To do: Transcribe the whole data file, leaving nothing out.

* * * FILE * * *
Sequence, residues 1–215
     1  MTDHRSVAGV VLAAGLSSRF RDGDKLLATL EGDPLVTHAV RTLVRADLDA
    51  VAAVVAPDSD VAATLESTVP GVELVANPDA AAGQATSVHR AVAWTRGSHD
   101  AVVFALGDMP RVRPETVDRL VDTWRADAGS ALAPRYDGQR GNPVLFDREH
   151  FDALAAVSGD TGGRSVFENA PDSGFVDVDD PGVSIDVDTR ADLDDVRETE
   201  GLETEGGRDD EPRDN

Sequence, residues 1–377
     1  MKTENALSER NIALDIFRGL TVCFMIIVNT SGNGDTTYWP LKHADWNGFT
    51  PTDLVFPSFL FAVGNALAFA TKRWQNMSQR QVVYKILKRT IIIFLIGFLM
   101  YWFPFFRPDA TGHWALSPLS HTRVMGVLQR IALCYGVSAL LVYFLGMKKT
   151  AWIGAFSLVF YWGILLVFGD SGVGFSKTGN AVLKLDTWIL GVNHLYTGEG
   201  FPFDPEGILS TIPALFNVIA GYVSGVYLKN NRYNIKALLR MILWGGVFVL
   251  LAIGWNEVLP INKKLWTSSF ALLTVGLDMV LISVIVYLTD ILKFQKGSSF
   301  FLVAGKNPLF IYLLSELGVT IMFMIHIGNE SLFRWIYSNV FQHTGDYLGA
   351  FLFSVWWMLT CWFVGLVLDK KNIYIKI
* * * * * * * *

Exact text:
Sequence, residues 1–215
     1  MTDHRSVAGV VLAAGLSSRF RDGDKLLATL EGDPLVTHAV RTLVRADLDA
    51  VAAVVAPDSD VAATLESTVP GVELVANPDA AAGQATSVHR AVAWTRGSHD
   101  AVVFALGDMP RVRPETVDRL VDTWRADAGS ALAPRYDGQR GNPVLFDREH
   151  FDALAAVSGD TGGRSVFENA PDSGFVDVDD PGVSIDVDTR ADLDDVRETE
   201  GLETEGGRDD EPRDN

Sequence, residues 1–377
     1  MKTENALSER NIALDIFRGL TVCFMIIVNT SGNGDTTYWP LKHADWNGFT
    51  PTDLVFPSFL FAVGNALAFA TKRWQNMSQR QVVYKILKRT IIIFLIGFLM
   101  YWFPFFRPDA TGHWALSPLS HTRVMGVLQR IALCYGVSAL LVYFLGMKKT
   151  AWIGAFSLVF YWGILLVFGD SGVGFSKTGN AVLKLDTWIL GVNHLYTGEG
   201  FPFDPEGILS TIPALFNVIA GYVSGVYLKN NRYNIKALLR MILWGGVFVL
   251  LAIGWNEVLP INKKLWTSSF ALLTVGLDMV LISVIVYLTD ILKFQKGSSF
   301  FLVAGKNPLF IYLLSELGVT IMFMIHIGNE SLFRWIYSNV FQHTGDYLGA
   351  FLFSVWWMLT CWFVGLVLDK KNIYIKI